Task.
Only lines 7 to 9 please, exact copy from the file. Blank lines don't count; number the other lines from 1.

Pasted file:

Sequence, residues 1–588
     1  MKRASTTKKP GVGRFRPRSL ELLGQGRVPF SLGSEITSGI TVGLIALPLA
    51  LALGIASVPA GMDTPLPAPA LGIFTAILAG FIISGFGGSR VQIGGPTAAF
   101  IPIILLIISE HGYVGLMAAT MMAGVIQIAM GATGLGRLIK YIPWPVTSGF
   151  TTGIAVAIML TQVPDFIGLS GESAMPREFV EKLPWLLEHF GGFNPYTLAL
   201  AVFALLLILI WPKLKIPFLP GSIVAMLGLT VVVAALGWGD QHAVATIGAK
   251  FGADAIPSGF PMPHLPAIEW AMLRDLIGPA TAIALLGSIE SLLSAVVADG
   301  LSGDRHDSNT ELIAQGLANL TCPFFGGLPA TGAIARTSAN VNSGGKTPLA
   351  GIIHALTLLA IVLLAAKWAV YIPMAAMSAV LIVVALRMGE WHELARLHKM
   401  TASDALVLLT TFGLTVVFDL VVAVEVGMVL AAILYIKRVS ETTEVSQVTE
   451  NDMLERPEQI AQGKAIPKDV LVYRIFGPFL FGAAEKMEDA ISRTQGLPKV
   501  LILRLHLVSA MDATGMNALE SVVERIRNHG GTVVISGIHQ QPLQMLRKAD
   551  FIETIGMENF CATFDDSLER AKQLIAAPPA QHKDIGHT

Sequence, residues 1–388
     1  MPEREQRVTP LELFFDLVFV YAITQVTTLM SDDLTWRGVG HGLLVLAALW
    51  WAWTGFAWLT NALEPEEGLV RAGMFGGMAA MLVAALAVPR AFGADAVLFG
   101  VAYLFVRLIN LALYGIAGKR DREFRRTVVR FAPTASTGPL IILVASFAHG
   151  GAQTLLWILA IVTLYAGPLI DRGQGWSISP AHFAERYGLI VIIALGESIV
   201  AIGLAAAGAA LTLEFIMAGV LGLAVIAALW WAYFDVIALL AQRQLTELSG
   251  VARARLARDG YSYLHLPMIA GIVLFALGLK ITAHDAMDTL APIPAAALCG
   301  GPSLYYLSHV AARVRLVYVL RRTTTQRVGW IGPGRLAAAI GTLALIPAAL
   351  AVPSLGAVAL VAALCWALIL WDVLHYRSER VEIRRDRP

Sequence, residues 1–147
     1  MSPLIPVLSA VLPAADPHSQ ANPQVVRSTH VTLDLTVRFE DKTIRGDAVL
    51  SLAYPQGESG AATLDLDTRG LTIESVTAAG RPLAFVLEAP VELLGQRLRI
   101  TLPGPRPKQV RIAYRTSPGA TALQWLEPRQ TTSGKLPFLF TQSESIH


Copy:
   251  FGADAIPSGF PMPHLPAIEW AMLRDLIGPA TAIALLGSIE SLLSAVVADG
   301  LSGDRHDSNT ELIAQGLANL TCPFFGGLPA TGAIARTSAN VNSGGKTPLA
   351  GIIHALTLLA IVLLAAKWAV YIPMAAMSAV LIVVALRMGE WHELARLHKM